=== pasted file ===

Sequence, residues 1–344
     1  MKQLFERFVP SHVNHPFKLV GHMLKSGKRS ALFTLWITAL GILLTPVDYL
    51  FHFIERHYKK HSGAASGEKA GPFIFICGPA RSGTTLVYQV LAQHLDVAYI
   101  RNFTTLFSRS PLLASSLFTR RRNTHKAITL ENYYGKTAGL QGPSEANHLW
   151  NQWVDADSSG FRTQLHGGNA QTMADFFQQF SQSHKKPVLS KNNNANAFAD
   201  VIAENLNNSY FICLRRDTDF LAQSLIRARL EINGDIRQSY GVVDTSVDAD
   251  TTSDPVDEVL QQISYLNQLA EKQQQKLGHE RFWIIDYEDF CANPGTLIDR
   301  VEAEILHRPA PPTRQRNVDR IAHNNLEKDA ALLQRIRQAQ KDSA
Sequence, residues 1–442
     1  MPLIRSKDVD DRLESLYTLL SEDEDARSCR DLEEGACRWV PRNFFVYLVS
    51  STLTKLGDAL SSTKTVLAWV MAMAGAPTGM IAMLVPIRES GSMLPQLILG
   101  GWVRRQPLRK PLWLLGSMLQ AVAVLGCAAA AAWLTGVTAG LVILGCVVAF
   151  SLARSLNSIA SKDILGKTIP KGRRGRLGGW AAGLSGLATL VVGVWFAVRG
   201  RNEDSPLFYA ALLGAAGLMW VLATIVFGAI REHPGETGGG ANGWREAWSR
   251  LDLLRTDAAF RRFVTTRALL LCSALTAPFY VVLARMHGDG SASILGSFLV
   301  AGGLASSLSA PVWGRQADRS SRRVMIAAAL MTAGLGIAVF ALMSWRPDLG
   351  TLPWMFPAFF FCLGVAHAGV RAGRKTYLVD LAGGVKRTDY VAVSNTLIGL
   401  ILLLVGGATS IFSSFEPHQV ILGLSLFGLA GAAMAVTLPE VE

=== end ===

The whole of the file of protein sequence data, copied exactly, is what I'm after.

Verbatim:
Sequence, residues 1–344
     1  MKQLFERFVP SHVNHPFKLV GHMLKSGKRS ALFTLWITAL GILLTPVDYL
    51  FHFIERHYKK HSGAASGEKA GPFIFICGPA RSGTTLVYQV LAQHLDVAYI
   101  RNFTTLFSRS PLLASSLFTR RRNTHKAITL ENYYGKTAGL QGPSEANHLW
   151  NQWVDADSSG FRTQLHGGNA QTMADFFQQF SQSHKKPVLS KNNNANAFAD
   201  VIAENLNNSY FICLRRDTDF LAQSLIRARL EINGDIRQSY GVVDTSVDAD
   251  TTSDPVDEVL QQISYLNQLA EKQQQKLGHE RFWIIDYEDF CANPGTLIDR
   301  VEAEILHRPA PPTRQRNVDR IAHNNLEKDA ALLQRIRQAQ KDSA
Sequence, residues 1–442
     1  MPLIRSKDVD DRLESLYTLL SEDEDARSCR DLEEGACRWV PRNFFVYLVS
    51  STLTKLGDAL SSTKTVLAWV MAMAGAPTGM IAMLVPIRES GSMLPQLILG
   101  GWVRRQPLRK PLWLLGSMLQ AVAVLGCAAA AAWLTGVTAG LVILGCVVAF
   151  SLARSLNSIA SKDILGKTIP KGRRGRLGGW AAGLSGLATL VVGVWFAVRG
   201  RNEDSPLFYA ALLGAAGLMW VLATIVFGAI REHPGETGGG ANGWREAWSR
   251  LDLLRTDAAF RRFVTTRALL LCSALTAPFY VVLARMHGDG SASILGSFLV
   301  AGGLASSLSA PVWGRQADRS SRRVMIAAAL MTAGLGIAVF ALMSWRPDLG
   351  TLPWMFPAFF FCLGVAHAGV RAGRKTYLVD LAGGVKRTDY VAVSNTLIGL
   401  ILLLVGGATS IFSSFEPHQV ILGLSLFGLA GAAMAVTLPE VE